The beef with Occupy Wall Street to date has been the ongoing concern that the movement is unfocused and unclear. Yet something is shifting.
The NY Times reports that, on college campuses, banking is losing its allure in the recruitment rounds. A US court refuses to ratify a $285 million, SEC-agreed mortgage bond settlement with Citigroup, citing issues of public accountability. And now Town and Country, the venerable glossy magazine dedicated to luxury (left) has a feature this month, exploring the contention that “behind every great fortune there is a crime.”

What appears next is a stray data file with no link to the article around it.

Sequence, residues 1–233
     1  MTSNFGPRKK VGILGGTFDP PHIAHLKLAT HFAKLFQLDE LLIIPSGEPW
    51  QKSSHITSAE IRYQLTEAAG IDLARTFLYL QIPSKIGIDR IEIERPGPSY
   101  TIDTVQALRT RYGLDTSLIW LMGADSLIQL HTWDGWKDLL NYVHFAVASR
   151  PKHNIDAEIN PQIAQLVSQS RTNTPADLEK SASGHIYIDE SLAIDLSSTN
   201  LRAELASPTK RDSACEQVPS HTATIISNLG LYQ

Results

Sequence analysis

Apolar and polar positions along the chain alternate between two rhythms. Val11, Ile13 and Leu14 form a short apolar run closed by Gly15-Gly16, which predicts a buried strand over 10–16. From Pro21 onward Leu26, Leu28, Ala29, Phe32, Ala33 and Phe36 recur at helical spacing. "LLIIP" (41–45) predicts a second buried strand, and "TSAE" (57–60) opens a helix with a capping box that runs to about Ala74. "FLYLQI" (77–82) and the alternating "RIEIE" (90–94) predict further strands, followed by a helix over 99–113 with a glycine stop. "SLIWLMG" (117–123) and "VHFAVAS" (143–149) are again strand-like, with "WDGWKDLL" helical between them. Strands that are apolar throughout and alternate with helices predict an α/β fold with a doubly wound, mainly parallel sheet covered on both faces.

When T&C cite Lloyd Blankfein, of traditionally revered Goldman Sachs, as one of the “great villains” for helping to “plunge millions into misery” then it’s one more sign that a significant shift in the zeitgeist has begun.
The PR Verdict: “A” for Occupy Wall Street and its growing PR impact in changing the national conversation.
OWS just might like to start claiming credit for having moved previously marginal conversations into the broader mainstream. The practical details concerning reform and change can be left to others but the bigger PR challenge of creating a climate where change is possible just might be OWS’s biggest success.